Should Mom or Dad Move In With You? 5 Things to Consider

How to prepare when bringing older relatives in-house

Daughter taking care of her elderly mother at home

Do you have a parent living alone, becoming forgetful and not managing so well? Or are your aging parents struggling to care for each other in their home? If you are weighing the idea of moving a parent (or two) in with you, there are important considerations, says geriatric medicine specialist Ronan Factora, MD.

Advertisement

Cleveland Clinic is a non-profit academic medical center. Advertising on our site helps support our mission. We do not endorse non-Cleveland Clinic products or services. Policy

He says living with family makes it easier for older adults to keep up with daily activities, but to make it work, it’s important to talk to your parents honestly about current and future expectations. You also want to be realistic about the kinds of changes that can result.

“It’s often an easy move initially, but challenges can arise as medical problems increase. It’s a huge adjustment for everyone,” he says. Adults who provide care often feel sandwiched between the needs of their children and parents.

Here are five factors to consider.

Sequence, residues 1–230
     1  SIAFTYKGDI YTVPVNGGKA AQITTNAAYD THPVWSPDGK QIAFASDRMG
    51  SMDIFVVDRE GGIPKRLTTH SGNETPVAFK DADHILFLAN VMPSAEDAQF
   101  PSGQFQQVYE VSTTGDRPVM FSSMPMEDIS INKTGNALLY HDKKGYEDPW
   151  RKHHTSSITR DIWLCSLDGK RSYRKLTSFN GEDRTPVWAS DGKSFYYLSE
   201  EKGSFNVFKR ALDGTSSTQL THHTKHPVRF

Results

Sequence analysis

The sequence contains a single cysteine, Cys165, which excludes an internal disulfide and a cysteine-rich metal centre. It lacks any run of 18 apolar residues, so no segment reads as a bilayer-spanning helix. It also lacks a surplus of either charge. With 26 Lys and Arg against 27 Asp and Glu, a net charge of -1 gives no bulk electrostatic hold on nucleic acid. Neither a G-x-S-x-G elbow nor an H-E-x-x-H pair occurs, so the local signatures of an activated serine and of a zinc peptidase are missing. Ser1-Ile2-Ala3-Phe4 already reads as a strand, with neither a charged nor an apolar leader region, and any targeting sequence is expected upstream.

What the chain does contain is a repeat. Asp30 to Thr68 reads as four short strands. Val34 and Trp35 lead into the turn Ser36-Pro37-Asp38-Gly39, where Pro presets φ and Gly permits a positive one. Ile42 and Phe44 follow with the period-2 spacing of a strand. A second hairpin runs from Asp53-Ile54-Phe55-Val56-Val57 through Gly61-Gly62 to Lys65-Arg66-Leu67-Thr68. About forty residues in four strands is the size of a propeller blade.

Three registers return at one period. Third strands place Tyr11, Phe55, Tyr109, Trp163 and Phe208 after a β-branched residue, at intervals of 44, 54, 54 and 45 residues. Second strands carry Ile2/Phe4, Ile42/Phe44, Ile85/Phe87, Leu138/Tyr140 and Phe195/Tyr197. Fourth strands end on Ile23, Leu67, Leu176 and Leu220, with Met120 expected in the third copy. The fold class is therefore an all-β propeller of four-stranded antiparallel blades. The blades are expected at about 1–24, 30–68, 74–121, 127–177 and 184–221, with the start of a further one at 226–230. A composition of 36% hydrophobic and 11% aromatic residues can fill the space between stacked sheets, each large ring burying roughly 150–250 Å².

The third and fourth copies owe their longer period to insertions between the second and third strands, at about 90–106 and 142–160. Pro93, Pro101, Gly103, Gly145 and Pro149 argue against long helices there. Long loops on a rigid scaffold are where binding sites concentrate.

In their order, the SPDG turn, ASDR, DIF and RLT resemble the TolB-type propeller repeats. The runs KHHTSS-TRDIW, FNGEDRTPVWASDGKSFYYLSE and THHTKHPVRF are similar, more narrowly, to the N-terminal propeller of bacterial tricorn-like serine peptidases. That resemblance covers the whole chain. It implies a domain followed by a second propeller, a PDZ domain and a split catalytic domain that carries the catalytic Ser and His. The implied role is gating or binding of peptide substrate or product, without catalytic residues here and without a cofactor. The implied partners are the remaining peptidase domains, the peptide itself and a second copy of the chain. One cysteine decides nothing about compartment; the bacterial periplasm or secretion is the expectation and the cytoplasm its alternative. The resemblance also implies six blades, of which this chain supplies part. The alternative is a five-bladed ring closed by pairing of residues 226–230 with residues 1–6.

1. You may need to adjust your meals

You may worry that your parents are not eating properly on their own. Maybe it’s getting harder for your mom to cook. Or nothing tastes good and she just doesn’t feel like bothering.

It’s easy enough to stretch family meals, but many older adults have special dietary needs. It’s often more complicated than just adding an extra plate or two at the table.

2. You might have to drive more

Do you worry about your mom or dad still driving, or have they given up their car?

If they move in, you can do the driving and that resolves the safety issue. But how will their travel needs mesh with your schedule?

Whether you spend your days ferrying younger children around or you work all day, you’ll need to sort out transportation for your parent. But that effort is very worthwhile, Dr. Factora says.

Living alone can make it harder to stay active in social and volunteer activities or the church. Older adults living with family can often maintain these connections longer, he says. And that helps keep them healthy.

3. You can keep parents safer and manage medications

Having older family members in-house means you can watch for falls, memory lapses or other failings.

Maybe your mom can’t manage the stairs in her home anymore. But if you have stairs too, you might need to adjust sleeping accommodations or remodel so she can get around more easily, Dr. Factora says.

If your dad is forgetful about taking his medications, you can easily help with that if he moves in. (Make sure to keep medications out of reach of young children, though.)

4. You can free parents of bills and household management

Older adults usually forego bill payment and household management responsibilities when they move in, Dr. Factora says. Doing so frees them from having to keep track of due dates and bank accounts, which gets more difficult as we age. However, you can keep your mom or dad involved if there are tasks they can manage.

5. You’ll need to watch for caregiver fatigue

Caregivers frequently put their own needs on the back burner, but you can’t manage that way indefinitely.

Advertisement